Spring... Sprang

I've been remiss in getting new posts up so I am grouping all the best photos I've gotten so far this spring in this one post.  Spring is definitely my favorite time of the year and this year's spring is especially welcome after that long, hard winter we had.

Common Snowdrops (Galanthus nivalis) Non Native - 
This is the first time I've come across Snowdrops and even though they are not native to our area, they are very beautiful.  Typically one of the very first wildflowers to appear in the spring, I found this cluster down by the stream on the floodplain.

Eastern Skunk Cabbage (Symplocarpus foetidus) - 
Eastern Skunk Cabbage is abundant in our area and is most often found along the stream in the dampest sections of the floodplain.  One of the earliest to flower in our area, its unusual flower blossoms are a deep purple with streaks of yellow.  It will get its skunky-smelling leaves that it is known for this summer.  

I am not sure what type of frog eggs I came across, but I found them in the "backwater" of Little Sewickley Creek that I've written about before.  Given the large number of eggs, I would suspect they suffer heavily from predation with only a small number making it through the tadpole stage. 

Spring Beauty (Claytonia virginica) - 
Spring Beautys prefer rich, moist soil and I typically find them near the stream and its tributaries.  They're one of my favorite early spring wildflowers with their delicate pink and white blossoms.

Northern Two-Lined Salamander (Eurycea bislineata) - 
I almost stepped on this Norther Two-Lined Salamander while walking up a small tributary of Little Sewickley Creek, but fortunately I saw him before I got too close.  This is one of my favorite pictures so far this spring; the water flowing gives a slight distortion to his appearance while the sun shine is refracted into slivers of light.

Bloodroot (Sanguinaria canadensis) -
I like Bloodroot; its bright white petals and yellow stamens stand out against the brown drab of the early spring forest floor.  It's named Bloodroot because Native Americans would use the roots to create a red dye.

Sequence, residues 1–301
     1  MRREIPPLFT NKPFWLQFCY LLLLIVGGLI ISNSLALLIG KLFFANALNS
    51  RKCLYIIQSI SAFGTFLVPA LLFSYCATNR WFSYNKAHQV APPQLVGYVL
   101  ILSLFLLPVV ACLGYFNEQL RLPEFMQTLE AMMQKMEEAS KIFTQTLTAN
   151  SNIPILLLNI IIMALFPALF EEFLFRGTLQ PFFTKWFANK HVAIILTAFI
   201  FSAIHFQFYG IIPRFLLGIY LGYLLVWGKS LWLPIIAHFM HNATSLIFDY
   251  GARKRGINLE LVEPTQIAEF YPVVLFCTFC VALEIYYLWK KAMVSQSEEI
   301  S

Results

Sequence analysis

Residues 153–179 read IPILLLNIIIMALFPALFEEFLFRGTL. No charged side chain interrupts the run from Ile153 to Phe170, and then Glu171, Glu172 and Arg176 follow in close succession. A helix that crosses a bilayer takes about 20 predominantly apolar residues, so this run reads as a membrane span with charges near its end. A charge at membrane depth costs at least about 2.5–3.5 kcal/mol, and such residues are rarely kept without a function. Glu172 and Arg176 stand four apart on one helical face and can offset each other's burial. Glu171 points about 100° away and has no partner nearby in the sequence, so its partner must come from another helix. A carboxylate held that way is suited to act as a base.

Green Frog (Lithobates clamitans) -
I'm pretty sure this is a Green Frog and not a Bullfrog (Lithobates catesbeianus), but I honestly can't be sure.  I found  him sitting in a stagnant pool along the creek after a cold night, so he seemed pretty sluggish while he waited for the sun to heat the pool.

Mourning Cloak Butterfly (Nymphalis antiopa) -
This is my first picture of Mourning Cloak butterflies.  I just happened spot the pair sunning themselves on the leaves and was lucky enough to get a photo when the one spread its wings.  The other is in the shadows with its wings folded in an upright position.

Scarlet Tanager (Piranga olivacea) -
Scarlet Tanagers are one of my favorite songbirds.  Both the males and females are a greenish-olive color throughout most of the year, except during the spring and early summer when the males take on a bright red plummage (with black wings) for mating.  The red of the Scarlet Tanager is far more intense and deeply hued than even the reddest Cardinal and they really stand out in the woods.

More Pictures:

Common Snowdrops (Galanthus nivalis) Non Native

Eastern Spring Beauty (Claytonia virginica)

Fig Buttercup (Ficaria verna) Non Native

Northern Two-Lined Salamander (Eurycea bislineata)

Bloodroot (Sanguinaria canadensis)

Green Frog (Lithobates clamitans)

Scarlet Tanager (Piranga olivacea)